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Product: Audio CD
Title: The Return of Bruno
Label: Razor & Tie
Artist: Bruce Willis
Rating: 1/5
Customer rating - 1 out of 5
on the dark side...


Bruce can't sing. What else is there to say? Plenty. As I sat listening to this disc, I wondered who was in the booth mixing the music. Bruce's cover or "Respect Yourself" made me think of how much respect I had lost for myself buying into this ego trip. His vocals fall flat, the arrangements and band always outshine the aimless lead singer, and the Temtations are wasted in the background. Mr. Willis, wearing shades does not make you a blues man. One thing is certian, This Bruce will never ever be confused with that other singer named Bruce...



Product: Audio CD
Title: Make It Big
Label: Sony
Artist: Wham!
Rating: 4/5
Customer rating - 4 out of 5
Second Album by "The Boys From Wham!"


What a suprise it was for us Wham fams who loved the first album "Fantastic" to see the boys go from white rap music to "Wake Me Up Before You Go-Go". Still, this album, their most successful, was full of top-notched material which will permanently mark it's place in time. Of the songs on the album, George Michael's Blue-eyed soul never sounded better than it did on "If You Were There", a remake of an old Isley Brothers song. The rest of the album is pop music at it's sugar-coated best. Although the themes were a bit more mature ("Everything She Wants", "Like A Baby"), this was still light hearted music which made us happy.



Product: Audio CD
Title: Saving Private Ryan: Music From The Original Motion Picture Soundtrack
Label: Dreamworks
Artist: John Williams
Rating: 5/5
Customer rating - 5 out of 5
The most powerful music I've heard for a motion picture


After having listened to quite a bit of film music over the last decade, the singularly most moving film music I've heard for a motion picture- and not just from Williams' discography but from any film music composer- is for Saving Private Ryan. Steven Spielberg's gritty monumental film demonstrates personal honour, unmitigated courage, and selfless endeavour; and William's "Hymn To the Fallen" in this soundtrack mourn supreme sacrifice, but yet salute resolute heroism. The score here has been highly praised on the Amazon customer reviews; and I'm glad to add my vote with the other supporters here too of this magnificent music-making. I'd add however that I found not just the Hymn inspiring; but the second last track, "The Last Battle" (heard just after Captain John Miller is wounded and takes on the last Panzer tank, and lasts all the way until the modern day visitation back to the cemetery), worked equally as well. In fact, aside from the Hymn, and the "Han Solo and Princess Leia" theme from the closing moments of The Empire Strikes Back, there hasn't been another cue from any motion picture that has so powerfully brought back the emotions I felt when watching the motion picture on the big screen.
I was just reading a film critic's review of this score, and William's work here was described as one where apart from the Hymn, otherwise had no recognisable theme, or suspense; ultimately leading to an slow, boring listening experience. Truth to tell, when one compares the score for Saving Private Ryan (SPR) to other Williams' works, particularly that of the Star Wars and Indiana Jones trilogies, there is indeed a marked lesser use of strong, bold themes to personify an event or a person; the Imperial March, or Yoda's theme from the Star Wars trilogy being examples of such "theme-based" music. Directors like Steven Spielberg and George Lucas may have made Williams' music a very central compliment to their motion pictures before, but the absence of this music style did not make the SPR score ultimately any less moving for me. Yes, the music is often subdued, quiet and slow. But does this make it any less effective? This score worked for me not because I could listen to it in isolation and be moved. It was, in fact, a deeply touching- almost religious- experience when listening to it because it effectively brought back vivid memories of the great emotional burden I felt when seeing the countless brave young men make the ultimate sacrifice for their country during the war. And that for myself, is the very purpose of film music; to make me recall, and to feel again the passion of a motion picture.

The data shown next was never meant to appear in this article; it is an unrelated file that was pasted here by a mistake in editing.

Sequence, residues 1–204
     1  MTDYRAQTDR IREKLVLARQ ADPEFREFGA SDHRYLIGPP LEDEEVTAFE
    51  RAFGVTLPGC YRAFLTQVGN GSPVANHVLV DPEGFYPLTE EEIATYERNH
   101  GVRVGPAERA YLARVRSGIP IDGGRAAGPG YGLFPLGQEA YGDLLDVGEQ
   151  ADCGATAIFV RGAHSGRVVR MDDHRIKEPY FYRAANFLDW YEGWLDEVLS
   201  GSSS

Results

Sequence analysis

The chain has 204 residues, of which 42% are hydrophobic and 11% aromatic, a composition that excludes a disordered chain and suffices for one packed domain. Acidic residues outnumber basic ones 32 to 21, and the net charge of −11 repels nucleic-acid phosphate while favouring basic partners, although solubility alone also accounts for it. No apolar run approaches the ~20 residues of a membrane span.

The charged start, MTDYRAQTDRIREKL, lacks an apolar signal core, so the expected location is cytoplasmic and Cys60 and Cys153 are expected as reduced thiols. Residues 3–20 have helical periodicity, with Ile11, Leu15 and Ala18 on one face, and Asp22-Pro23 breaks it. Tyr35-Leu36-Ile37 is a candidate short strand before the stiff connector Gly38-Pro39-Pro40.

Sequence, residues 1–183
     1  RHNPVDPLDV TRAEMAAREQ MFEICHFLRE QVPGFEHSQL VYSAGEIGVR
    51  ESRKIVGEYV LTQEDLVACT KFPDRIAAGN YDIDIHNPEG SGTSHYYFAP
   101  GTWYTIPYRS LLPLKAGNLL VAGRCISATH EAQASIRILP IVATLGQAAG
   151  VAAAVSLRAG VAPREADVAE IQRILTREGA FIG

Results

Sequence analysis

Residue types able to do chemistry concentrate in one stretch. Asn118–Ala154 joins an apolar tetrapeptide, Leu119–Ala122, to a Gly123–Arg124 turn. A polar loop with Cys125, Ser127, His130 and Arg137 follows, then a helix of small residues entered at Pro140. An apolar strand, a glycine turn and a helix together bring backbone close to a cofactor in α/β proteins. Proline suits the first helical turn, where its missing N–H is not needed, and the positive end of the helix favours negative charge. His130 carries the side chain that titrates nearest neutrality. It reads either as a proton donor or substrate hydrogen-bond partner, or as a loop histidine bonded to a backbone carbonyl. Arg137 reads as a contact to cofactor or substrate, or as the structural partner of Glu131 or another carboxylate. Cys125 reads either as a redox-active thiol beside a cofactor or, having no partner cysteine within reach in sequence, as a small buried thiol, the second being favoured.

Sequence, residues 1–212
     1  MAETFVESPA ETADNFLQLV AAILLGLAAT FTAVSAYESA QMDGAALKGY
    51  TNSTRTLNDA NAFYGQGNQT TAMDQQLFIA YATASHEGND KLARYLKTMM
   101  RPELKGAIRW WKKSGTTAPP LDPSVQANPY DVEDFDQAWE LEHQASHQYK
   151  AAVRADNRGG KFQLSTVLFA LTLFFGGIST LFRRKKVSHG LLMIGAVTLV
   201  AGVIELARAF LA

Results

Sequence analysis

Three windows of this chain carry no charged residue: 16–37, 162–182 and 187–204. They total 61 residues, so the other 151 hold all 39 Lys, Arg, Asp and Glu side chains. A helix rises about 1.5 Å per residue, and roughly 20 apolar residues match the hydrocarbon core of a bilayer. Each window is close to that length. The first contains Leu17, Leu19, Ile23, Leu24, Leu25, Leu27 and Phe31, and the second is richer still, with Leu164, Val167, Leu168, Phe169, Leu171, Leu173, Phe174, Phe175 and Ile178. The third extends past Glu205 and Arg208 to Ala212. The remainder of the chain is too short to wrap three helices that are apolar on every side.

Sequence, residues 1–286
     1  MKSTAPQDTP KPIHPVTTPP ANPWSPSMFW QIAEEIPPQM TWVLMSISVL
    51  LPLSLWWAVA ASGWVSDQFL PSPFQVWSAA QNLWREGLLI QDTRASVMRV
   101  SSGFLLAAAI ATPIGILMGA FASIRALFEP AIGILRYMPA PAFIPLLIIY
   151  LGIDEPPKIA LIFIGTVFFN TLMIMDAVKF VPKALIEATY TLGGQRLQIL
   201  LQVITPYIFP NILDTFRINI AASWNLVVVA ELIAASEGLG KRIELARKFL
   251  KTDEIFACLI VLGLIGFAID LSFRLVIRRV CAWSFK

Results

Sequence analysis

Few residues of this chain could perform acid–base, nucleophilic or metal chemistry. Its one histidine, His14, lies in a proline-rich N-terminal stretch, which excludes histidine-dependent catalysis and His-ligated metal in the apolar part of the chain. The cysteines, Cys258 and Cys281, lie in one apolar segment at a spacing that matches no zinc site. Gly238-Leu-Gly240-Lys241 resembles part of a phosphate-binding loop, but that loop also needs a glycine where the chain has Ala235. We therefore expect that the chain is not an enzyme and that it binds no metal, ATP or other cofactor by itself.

For myself, the most powerful film score I've ever heard.



Product: Audio CD
Title: Bruce Springsteen - Greatest Hits
Label: Sony
Artist: Bruce Springsteen
Rating: 3/5
Customer rating - 3 out of 5
Most of his "greatest" are not on this CD


In my opinion, Springsteen's greatest work was on his early albums with the E Street Band (in order of preference): Born to Run, Darkness on the Edge of Town, The Wild & The Innocent, and Greetings from Asbury Park. I think these albums reflect the real Springsteen. His later work seems driven more by appeal to the mass radio market (e.g., Born in the USA).
Therefore I don't think it's accurate to call the songs on this album his greatest hits. It only includes one song, "Badlands," from Darkness on the Edge of Town, and no songs from Wild & Innocent or Greetings. How can you make a list of his greatest songs without including songs like "Lost in the Flood," "Jungeland," "Incident on 57th Street," "Rosalita," or "Backstreets"? Any one of those songs could easily replace most of the songs included on the "Greatest Hits" CD. If you want Springsteen's "greatest", I believe you would get much more for your money by buying "Born to Run," "Darkness on the Edge of Town," and "Wild & Innocent."